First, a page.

Can you PM the recipe with Pomona? I have some LM pectin that I can play with and I'd love to give it a try.

 

Both NH and Pomona are low methoxyl - but the NH has been further processed to make it more thermoreversible. 

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I've never worked with the Pomona's pectin, it's on my list since following along with Jim's experiments but as yet undone. Pectin NH doesn't have a packet of calcium, it has a calcium salt as part of the mix and thus has a fixed ratio used as is. You can decrease the thermoreversibility of NH pectin by increasing the calcium level in the solution with an external calcium source so maybe if you get the pectin/calcium ratio to be the same with both, they'll behave in the same way. But that's 100% speculation, not something I've actually researched.


It's kinda like wrestling a gorilla... you don't stop when you're tired, you stop when the gorilla is tired.

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35 minutes ago, Kerry Beal said:

Indeed - nice to be able to make a PdF with less sugar - and more fruit flavor. Are you saying that the Pomona based PdF is still too sweet?

 

Can you PM the recipe with Pomona? I have some LM pectin that I can play with and I'd love to give it a try.

 

Both NH and Pomona are low methoxyl - but the NH has been further processed to make it more thermoreversible. 

I think I wasn't completely clear:  Pomona's recipe for PdF still calls for about the same amount of sugar as a traditional one (it calls for doubling the amount specified for jams and jellies). The recipe I am using substitutes sorbitol for some of the sugar, thus lowering the perceived sweetness. I also use the optional lemon juice (regardless of pectin content of the fruit) in all recipes because it too counteracts the sweetness. It's mostly the extra fruit flavor that attracts me to Pomona's.

 

Did you want me to PM you the official Pomona's recipe for PdF or what I use in my recipes?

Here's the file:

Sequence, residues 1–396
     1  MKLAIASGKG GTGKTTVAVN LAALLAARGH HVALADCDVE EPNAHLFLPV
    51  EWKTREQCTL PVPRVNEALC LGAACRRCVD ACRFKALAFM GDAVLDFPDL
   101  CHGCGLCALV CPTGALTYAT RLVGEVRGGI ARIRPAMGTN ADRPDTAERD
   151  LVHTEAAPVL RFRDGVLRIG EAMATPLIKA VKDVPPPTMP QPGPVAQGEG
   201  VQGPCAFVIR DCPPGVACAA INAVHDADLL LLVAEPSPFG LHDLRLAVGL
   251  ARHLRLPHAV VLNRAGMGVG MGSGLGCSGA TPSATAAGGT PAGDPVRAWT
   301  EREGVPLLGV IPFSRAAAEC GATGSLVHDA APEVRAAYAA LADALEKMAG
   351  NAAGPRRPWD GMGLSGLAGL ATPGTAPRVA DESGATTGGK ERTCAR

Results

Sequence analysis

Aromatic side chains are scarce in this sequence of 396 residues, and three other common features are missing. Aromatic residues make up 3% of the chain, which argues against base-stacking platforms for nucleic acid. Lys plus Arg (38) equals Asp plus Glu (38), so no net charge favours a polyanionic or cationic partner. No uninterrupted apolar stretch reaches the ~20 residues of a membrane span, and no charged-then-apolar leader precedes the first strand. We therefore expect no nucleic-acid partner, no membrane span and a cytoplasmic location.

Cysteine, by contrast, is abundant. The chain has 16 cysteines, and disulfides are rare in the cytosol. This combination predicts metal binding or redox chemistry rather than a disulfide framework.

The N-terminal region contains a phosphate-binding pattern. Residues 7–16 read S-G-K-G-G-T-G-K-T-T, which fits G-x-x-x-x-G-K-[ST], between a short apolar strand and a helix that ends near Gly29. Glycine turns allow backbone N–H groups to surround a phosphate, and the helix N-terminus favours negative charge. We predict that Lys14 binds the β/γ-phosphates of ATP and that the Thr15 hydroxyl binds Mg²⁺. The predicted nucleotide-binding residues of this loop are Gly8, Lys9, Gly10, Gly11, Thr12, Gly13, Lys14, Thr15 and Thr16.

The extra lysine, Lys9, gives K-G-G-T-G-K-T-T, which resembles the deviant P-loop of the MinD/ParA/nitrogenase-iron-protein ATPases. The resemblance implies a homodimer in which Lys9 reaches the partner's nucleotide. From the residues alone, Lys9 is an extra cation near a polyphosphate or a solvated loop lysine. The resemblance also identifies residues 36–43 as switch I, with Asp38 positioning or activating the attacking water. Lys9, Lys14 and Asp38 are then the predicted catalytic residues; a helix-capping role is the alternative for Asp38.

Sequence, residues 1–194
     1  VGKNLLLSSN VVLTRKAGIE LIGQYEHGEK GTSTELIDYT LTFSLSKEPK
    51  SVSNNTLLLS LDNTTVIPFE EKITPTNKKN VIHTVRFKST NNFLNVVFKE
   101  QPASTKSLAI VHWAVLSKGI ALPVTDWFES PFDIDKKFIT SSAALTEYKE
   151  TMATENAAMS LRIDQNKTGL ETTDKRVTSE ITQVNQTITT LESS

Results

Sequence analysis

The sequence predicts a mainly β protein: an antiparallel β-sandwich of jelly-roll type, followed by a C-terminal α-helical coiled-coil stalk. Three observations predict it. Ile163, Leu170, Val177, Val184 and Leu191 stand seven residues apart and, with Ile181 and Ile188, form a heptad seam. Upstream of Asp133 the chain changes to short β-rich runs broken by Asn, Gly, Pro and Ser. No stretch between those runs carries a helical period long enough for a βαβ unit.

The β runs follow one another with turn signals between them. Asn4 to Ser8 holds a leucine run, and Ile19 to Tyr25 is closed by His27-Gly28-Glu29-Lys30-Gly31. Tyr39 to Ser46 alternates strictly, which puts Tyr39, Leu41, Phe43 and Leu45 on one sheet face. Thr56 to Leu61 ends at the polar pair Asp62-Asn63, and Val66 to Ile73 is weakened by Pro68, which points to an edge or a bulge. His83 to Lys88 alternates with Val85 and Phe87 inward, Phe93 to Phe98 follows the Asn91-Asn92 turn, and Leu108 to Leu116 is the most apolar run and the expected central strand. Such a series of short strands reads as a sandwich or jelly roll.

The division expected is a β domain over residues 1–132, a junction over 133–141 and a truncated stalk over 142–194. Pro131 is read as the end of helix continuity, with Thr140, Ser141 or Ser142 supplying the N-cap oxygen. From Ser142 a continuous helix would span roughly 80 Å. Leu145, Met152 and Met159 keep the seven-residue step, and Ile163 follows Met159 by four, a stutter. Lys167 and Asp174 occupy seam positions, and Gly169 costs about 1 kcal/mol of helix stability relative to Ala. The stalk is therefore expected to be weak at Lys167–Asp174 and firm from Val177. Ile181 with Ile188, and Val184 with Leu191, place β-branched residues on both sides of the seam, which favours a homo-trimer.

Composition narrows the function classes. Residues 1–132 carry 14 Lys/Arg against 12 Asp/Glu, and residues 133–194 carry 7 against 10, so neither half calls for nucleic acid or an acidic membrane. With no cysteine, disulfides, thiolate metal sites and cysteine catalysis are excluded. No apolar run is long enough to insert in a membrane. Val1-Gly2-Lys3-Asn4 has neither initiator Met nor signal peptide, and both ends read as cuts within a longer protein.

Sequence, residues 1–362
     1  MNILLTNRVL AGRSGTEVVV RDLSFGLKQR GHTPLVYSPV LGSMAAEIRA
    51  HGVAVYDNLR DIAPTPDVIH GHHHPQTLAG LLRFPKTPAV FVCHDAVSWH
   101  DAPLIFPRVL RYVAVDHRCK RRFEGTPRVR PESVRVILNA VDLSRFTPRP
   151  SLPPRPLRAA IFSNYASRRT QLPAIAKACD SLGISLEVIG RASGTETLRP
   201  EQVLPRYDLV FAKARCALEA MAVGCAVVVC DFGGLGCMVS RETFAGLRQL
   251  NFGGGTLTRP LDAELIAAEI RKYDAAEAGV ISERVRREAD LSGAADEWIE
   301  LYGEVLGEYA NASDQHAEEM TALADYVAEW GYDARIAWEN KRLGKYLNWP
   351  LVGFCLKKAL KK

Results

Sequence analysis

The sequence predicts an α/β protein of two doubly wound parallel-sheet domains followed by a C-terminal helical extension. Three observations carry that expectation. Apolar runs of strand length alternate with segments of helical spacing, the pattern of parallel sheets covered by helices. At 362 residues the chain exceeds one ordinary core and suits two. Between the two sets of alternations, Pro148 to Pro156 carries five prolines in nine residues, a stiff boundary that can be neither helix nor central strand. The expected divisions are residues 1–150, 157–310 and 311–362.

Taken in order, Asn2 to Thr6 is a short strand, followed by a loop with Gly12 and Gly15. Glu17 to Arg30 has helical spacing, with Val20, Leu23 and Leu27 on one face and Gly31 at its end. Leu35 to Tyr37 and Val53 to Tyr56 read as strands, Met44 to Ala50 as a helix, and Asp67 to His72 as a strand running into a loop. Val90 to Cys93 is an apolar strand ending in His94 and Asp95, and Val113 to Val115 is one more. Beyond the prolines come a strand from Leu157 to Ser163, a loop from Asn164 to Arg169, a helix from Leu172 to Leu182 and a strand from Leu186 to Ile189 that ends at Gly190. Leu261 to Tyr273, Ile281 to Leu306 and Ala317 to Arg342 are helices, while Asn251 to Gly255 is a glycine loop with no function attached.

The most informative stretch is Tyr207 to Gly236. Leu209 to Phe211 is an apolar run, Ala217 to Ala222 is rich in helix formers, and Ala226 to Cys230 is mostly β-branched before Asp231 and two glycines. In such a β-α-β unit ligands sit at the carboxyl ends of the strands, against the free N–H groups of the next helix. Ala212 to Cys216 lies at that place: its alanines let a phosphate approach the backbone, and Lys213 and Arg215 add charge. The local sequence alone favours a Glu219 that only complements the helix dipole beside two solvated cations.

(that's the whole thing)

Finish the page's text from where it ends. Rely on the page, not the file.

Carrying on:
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19 minutes ago, Jim D. said:

I think I wasn't completely clear:  Pomona's recipe for PdF still calls for about the same amount of sugar as a traditional one (it calls for doubling the amount specified for jams and jellies). The recipe I am using substitutes sorbitol for some of the sugar, thus lowering the perceived sweetness. I also use the optional lemon juice (regardless of pectin content of the fruit) in all recipes because it too counteracts the sweetness. It's mostly the extra fruit flavor that attracts me to Pomona's.

 

Did you want me to PM you the official Pomona's recipe for PdF or what I use in my recipes?

Both if you would - I'd love to see how you changed it.

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2 minutes ago, Kerry Beal said:

Both if you would - I'd love to see how you changed it.

 

The recipe for Pomona's PdF is here: http://www.pomonapectin.com/recipes/jelled-fruit-candy-low-sweetener/

 

It is based on the recipe for jam and jelly, found here: http://www.pomonapectin.com/directions/

 

Note that although the PdF recipe says it is "low sweetener," it also calls for the maximum amount of sugar, so I'm not sure why they call it "low." Let's face it: there is no escaping that PdF has a lot of sugar.

 

My version of the recipe is as follows. It is for strawberry because that recipe doesn't use dried fruit and so is simpler.

 

400g sugar
22g Pomona's pectin
980g strawberry purée
2 tsp. calcium water
44g lemon juice

 

280g sugar
120g glucose
96g sorbitol

 

In a small bowl whisk together the first amount of sugar and the pectin.

 

Put the purée in a pot and add the calcium water and lemon juice, then bring to a boil.

 

Whisking constantly, add the sugar and pectin mixture to the purée and cook until the mixture returns to a full boil. Remove from heat.

 

Add the second amount of sugar, the glucose, and the sorbitol. Return the pot to the heat. Stir thoroughly to dissolve the sugar. Bring the mixture to a full boil, stirring constantly. Boil for about 1-2 minutes, then remove from heat. To test for thickness, put a small amount of the mixture on a plate, place in the refrigerator, and test after a few minutes. If the mixture seems to be too thick, add some liquid, then bring back to the boil. If it seems too thin, boil for another minute. This adjusting can be performed even after the PdF has cooled. Alternatively, if the PdF seems too thick when it is cool enough to pipe, it can be loosened with a whisk or immersion blender. Any additional flavoring (such as fruit compound or liquor) can be added when the PdF is beginning to cool.